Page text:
Kristina Leganger Iversen’s “Hjartemekanikk”

The Bridge Between Body and Heart: Hjartemekanikk

by Karina Rose Mahan

  • Author: Kristina Leganger Iversen
  • Paperback: 100 pages
  • Publisher: Samlaget (September 2011)
  • Language: Nynorsk
  • ISBN-13: 978-82-521-7805-0

I wanted to see the heart /eg ville sjå hjartet

without metaphors, unbounded by stories /utan metaforar fri for forteljingane

what I found was the atrium, the room /det eg fann var atrium, rommet

with the furnace, and the heart became flaming, I found /med eldstad, og hjartet blei flammande, eg fann

atriovetricular valves and semilunar valves that waved through the bloodstream /seglklaffar og halvmåneklaffar som blafra i blodstraumen

the heart became a ship, a window / hjartet blei eit skip, eit vindauge

with the wind blowing/med vinden susande

the blood singing I found /blodet syngjande eg fann

two heart sounds, one heart /to hjartetonar, eit hjarte

that plays, that pulsates, that always beats, /som speler, som pulserer, som alltid slår

that can lose its rhythm, get out of /som kan miste rytmen, kome ut av

beat, lose a throb /takten, mister eit slag

that can burst out of sorrow /som kan sprekke av sorg

lose itself /tape seg sjølv

if love fails /om kjærleiken sviktar

Such is one of the many poems of debut author Kristina Leganger Iversen’s poetry collection “Hjartemekanikk” (or Heart Mechanics). It is written in Nynorsk and was just published this fall by Samlaget. The book is an interesting blend of story and poetry – it is about a couple who are hit by a car one day on their way to the beach. The man, a music student, dies, and his girlfriend, a medical student, drowns herself in her studies, desperate to find out more about the workings of the body, which slowly help her come to terms with his death.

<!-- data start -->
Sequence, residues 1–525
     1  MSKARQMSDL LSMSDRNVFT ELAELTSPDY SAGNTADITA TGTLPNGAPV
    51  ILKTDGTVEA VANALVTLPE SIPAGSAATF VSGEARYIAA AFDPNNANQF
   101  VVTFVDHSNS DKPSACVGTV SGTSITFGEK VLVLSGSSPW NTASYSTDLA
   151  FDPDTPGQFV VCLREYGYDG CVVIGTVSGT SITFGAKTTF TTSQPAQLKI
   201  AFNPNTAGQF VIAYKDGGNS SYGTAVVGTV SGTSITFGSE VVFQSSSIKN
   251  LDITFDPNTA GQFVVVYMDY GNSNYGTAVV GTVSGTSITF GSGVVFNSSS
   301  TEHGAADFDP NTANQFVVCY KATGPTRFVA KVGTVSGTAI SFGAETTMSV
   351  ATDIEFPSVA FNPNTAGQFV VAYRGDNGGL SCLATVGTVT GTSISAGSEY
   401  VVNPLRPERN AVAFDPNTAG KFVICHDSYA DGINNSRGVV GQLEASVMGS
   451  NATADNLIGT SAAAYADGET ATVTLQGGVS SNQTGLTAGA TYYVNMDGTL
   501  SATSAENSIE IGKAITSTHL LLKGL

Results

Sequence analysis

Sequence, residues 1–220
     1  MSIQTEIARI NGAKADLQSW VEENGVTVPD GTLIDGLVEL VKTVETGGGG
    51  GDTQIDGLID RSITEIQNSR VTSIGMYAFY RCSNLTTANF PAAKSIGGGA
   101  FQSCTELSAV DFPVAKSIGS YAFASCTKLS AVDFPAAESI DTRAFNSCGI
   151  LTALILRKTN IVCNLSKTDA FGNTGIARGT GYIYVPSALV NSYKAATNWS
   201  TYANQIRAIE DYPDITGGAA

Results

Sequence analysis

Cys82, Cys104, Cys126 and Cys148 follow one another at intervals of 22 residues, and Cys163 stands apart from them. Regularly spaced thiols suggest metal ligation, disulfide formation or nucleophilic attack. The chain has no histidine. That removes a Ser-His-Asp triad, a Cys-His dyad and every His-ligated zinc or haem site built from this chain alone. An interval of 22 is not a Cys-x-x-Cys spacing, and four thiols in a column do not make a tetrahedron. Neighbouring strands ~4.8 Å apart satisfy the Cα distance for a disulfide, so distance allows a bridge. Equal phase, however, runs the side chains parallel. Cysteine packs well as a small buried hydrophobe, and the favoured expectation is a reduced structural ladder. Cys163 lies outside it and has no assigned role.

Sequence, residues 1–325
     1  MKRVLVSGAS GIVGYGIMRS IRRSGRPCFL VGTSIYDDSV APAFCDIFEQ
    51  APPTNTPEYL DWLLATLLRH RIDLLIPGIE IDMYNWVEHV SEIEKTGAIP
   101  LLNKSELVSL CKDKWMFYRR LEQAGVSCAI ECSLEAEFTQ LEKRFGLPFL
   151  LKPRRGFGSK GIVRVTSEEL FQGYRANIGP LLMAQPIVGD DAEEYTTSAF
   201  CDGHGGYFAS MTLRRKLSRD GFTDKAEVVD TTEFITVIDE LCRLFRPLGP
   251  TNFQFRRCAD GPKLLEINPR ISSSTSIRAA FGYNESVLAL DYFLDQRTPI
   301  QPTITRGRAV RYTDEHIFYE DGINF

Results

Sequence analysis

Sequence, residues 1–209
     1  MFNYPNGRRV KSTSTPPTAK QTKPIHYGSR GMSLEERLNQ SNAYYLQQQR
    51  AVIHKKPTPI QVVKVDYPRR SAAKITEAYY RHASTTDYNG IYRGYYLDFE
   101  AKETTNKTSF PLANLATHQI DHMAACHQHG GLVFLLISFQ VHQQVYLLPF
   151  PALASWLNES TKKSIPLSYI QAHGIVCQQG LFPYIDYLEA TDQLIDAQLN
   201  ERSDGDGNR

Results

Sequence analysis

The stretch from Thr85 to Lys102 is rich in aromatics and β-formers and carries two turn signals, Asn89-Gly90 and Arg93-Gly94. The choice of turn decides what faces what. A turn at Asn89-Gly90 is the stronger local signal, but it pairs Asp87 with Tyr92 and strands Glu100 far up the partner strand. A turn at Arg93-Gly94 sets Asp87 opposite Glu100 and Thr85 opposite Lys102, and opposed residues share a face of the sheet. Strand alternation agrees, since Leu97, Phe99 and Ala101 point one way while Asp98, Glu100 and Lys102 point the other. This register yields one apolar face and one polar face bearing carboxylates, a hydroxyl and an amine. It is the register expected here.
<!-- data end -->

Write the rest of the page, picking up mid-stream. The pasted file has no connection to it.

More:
Iversen’s poems are a literary example of traumatology, if you will – they tell us the process of the patient, the process of the body, and the process of pain. The protagonist, a medical student, realizes herself that there is an “other” side that she was not taught in her medical studies: “this they didn’t tell us about / how your body feels as if it is cracking under the cast, the nightmares about ants / crawling out of the hair follicles that have been newly shaven before the operation, they didn’t tell.” Unspoken voices and the many different sides of an event unfold in this story as we move from her chapters “Autopsy” to “Heart Mechanics,” and finally “Traumatology.”

There is a certain skill to showing the beauty of tramautology, to narrating pain, and I believe Iversen has done this gracefully. The poems are close to the body … perhaps too close for some, but if you are willing to delve into the depths of your own workings, then this a poetry collection for you.


And those interested can of course purchase the book at this site.

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